• [Show abstract] [Hide abstract]
    ABSTRACT: Gravity supports all the life activities present on earth. Microgravity environments have effect on the biological functions and physiological status of an individual. The present study was undertaken to investigate the effect of simulated microgravity on important regulatory enzymes of carbohydrate metabolism in liver using HLS mice model. Following hind limb unloading of mice for 11 days the animal’s average body weights were found to be not different, while the liver weights were decreased and found to be significantly different (p p p p Keywords: Hexokinase; LDH; PEPCK; PFK-2; Simulated microgravity Document Type: Research Article DOI: http://dx.doi.org/10.1007/s12217-013-9356-7 Affiliations: 1: Department of Biology, Texas Southern University, Houston, TX, 77004, USA 2: Department of Biology, Texas Southern University, Houston, TX, 77004, USA, Email: sharma@bub.ernet.in Publication date: February 1, 2014 $(document).ready(function() { var shortdescription = $(".originaldescription").text().replace(/\\&/g, '&').replace(/\\, '<').replace(/\\>/g, '>').replace(/\\t/g, ' ').replace(/\\n/g, ''); if (shortdescription.length > 350){ shortdescription = "" + shortdescription.substring(0,250) + "... more"; } $(".descriptionitem").prepend(shortdescription); $(".shortdescription a").click(function() { $(".shortdescription").hide(); $(".originaldescription").slideDown(); return false; }); }); Related content In this: publication By this: publisher By this author: Ramirez, Joaquin ; Periyakaruppan, Adaikkappan ; Sarkar, Shubhashish ; Ramesh, Govindarajan ; Sharma, S. GA_googleFillSlot("Horizontal_banner_bottom");
    Microgravity - Science and Technology 02/2014; 25(5). DOI:10.1007/s12217-013-9356-7 · 0.65 Impact Factor
  • [Show abstract] [Hide abstract]
    ABSTRACT: Abstract Rubenstein, David A, and Wei Yin. Hypergravity and hypobaric hypoxic conditions promote endothelial cell and platelet activation. High Alt Med Biol. 15:000-000, 2014.-Cardiovascular disease risk is heightened during exposure to altered gravity and/or altered barometric conditions. Previous work has suggested that this heightened cardiovascular risk is due to enhancements of endothelial cell inflammatory and/or thrombogenic responses. In recent work, the role of platelets on instigating or inhibiting endothelial cell responses associated with cardiovascular disease has been found to be dependent on both biochemical and biophysical factors. In this work, we aimed to determine how two biophysical forces, gravity and atmospheric pressure, alter endothelial cell and platelet functions and their interactions to instigate or inhibit cardiovascular disease responses. To address this aim, endothelial cells and platelets were subjected to a force 8 times greater than the normal gravitational force, for up to 30 minutes. In separate experiments, endothelial cells and platelets were subjected to 50% of normal atmospheric pressure. Endothelial cell and platelet responses, associated with cardiovascular diseases, were measured as a time course during exposure. In general, the exposure of endothelial cells to either hypergravity or hypobaric conditions enhanced cardiovascular disease responses. However, the presence of platelets generally inhibited endothelial cell responses. Platelet activation was, however, somewhat enhanced under both hypergravity and hypobaric conditions. Our data suggest that altered biophysical forces can modulate endothelial cell and platelet responses that are salient for cardiovascular disease progression. However, the interaction of these two cells tends to restrain the progression of the pro-cardiovascular disease responses.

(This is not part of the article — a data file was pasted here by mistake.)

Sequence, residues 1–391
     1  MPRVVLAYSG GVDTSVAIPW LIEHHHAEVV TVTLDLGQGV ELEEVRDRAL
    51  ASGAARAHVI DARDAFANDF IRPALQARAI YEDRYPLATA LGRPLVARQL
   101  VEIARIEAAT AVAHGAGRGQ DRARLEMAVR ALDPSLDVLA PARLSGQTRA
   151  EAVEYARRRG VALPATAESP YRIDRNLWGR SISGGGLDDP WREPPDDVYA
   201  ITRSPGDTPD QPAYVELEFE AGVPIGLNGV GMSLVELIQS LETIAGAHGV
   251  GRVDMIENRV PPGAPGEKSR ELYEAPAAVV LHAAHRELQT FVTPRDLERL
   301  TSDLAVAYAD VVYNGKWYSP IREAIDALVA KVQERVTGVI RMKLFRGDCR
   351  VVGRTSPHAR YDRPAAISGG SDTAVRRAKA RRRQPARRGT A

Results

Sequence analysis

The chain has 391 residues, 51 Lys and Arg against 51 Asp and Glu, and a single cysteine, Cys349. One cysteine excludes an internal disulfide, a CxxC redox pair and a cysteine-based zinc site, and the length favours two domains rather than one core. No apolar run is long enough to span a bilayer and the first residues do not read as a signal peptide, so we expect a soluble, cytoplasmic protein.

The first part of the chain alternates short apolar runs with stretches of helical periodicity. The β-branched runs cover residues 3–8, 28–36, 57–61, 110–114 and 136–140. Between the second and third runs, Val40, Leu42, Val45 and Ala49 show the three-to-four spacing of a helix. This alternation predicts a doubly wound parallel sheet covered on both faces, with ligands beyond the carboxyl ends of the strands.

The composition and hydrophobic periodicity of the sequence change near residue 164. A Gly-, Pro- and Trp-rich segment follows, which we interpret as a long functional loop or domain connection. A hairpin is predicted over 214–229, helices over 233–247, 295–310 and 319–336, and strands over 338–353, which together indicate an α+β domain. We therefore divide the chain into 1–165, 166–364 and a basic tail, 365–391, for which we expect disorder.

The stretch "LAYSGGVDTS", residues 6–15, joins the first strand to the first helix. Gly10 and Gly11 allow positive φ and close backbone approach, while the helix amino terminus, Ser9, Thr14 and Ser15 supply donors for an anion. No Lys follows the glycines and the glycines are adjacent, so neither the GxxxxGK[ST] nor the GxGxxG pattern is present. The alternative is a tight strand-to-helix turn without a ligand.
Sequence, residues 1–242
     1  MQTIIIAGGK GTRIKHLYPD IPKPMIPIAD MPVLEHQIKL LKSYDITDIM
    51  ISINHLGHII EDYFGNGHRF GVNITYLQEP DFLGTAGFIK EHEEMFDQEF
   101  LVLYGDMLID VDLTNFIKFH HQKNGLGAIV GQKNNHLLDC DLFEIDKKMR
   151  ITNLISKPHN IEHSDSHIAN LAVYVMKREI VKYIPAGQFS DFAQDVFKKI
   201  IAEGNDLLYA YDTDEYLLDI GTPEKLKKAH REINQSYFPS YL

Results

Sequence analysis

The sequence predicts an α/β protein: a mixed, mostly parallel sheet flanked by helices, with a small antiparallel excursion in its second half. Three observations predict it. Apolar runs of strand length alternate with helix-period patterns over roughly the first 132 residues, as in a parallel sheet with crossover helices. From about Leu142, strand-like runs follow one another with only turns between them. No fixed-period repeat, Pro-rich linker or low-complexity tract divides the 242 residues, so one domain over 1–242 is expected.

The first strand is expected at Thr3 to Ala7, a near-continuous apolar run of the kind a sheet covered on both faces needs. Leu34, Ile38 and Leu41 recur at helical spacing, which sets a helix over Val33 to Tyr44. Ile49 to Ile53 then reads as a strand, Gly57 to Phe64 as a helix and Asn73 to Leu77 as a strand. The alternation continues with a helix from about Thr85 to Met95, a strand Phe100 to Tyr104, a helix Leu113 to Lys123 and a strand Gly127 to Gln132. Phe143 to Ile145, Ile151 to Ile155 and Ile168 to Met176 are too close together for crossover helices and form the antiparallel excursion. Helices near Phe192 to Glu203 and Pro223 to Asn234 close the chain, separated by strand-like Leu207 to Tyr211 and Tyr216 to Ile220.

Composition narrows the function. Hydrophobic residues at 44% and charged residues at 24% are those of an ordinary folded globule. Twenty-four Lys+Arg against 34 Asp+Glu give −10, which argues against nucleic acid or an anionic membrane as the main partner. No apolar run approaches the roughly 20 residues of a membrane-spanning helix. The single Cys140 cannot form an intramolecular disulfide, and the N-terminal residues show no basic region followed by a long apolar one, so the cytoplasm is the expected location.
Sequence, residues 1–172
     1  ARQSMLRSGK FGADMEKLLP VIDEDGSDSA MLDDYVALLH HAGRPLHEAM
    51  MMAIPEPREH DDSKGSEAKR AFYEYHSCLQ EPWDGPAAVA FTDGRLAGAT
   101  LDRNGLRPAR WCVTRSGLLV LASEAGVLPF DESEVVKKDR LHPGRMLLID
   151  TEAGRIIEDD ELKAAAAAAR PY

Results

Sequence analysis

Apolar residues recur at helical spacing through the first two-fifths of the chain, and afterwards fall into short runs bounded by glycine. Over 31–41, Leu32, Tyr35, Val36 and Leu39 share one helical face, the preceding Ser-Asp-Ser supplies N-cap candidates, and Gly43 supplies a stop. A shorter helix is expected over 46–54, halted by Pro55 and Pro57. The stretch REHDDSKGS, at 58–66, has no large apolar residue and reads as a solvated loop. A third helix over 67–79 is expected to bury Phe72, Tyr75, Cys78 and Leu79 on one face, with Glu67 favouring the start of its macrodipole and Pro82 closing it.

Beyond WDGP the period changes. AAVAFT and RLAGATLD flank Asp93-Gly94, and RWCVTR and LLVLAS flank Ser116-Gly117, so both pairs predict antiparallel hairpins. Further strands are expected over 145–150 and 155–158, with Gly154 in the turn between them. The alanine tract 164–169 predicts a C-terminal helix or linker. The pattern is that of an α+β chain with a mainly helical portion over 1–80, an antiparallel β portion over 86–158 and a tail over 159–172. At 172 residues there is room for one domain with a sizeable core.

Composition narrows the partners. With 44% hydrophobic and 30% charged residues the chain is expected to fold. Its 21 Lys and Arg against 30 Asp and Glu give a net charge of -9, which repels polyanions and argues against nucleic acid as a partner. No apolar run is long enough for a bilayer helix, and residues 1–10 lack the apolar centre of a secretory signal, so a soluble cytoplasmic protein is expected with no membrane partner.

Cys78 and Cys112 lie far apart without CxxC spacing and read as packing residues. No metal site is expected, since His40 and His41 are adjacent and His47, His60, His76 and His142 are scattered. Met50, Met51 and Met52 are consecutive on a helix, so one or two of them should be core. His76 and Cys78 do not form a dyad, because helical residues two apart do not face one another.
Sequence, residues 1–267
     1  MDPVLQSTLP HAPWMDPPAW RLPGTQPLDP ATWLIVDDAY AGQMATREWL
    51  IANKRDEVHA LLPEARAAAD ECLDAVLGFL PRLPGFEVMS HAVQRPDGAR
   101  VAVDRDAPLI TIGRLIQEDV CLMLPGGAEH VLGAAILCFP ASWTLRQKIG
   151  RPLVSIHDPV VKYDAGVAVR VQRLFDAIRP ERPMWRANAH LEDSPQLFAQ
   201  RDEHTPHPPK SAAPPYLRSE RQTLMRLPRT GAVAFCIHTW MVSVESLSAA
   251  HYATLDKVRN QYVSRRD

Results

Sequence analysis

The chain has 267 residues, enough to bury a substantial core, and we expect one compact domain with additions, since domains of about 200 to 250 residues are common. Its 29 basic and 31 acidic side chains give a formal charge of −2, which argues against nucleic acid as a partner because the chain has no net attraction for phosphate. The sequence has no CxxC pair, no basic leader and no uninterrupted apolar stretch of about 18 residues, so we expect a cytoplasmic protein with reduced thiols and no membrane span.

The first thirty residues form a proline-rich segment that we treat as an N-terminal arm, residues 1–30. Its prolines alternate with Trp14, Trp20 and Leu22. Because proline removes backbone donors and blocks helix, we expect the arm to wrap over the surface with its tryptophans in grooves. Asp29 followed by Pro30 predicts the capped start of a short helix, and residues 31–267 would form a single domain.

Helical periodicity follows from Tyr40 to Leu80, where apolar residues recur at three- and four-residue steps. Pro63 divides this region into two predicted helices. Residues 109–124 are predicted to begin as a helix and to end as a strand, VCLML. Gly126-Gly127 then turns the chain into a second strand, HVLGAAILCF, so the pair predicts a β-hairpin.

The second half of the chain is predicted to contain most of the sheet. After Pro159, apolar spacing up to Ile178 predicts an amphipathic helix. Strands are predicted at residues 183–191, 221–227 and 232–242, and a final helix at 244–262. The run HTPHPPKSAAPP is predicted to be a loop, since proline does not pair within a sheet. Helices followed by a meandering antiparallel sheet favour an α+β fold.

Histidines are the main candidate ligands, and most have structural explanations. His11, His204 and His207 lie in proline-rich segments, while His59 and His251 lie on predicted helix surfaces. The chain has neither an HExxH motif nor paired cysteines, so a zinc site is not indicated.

High Altitude Medicine & Biology 09/2014; 15(3). DOI:10.1089/ham.2013.1139 · 1.82 Impact Factor

Preview

Download
1 Download
Available from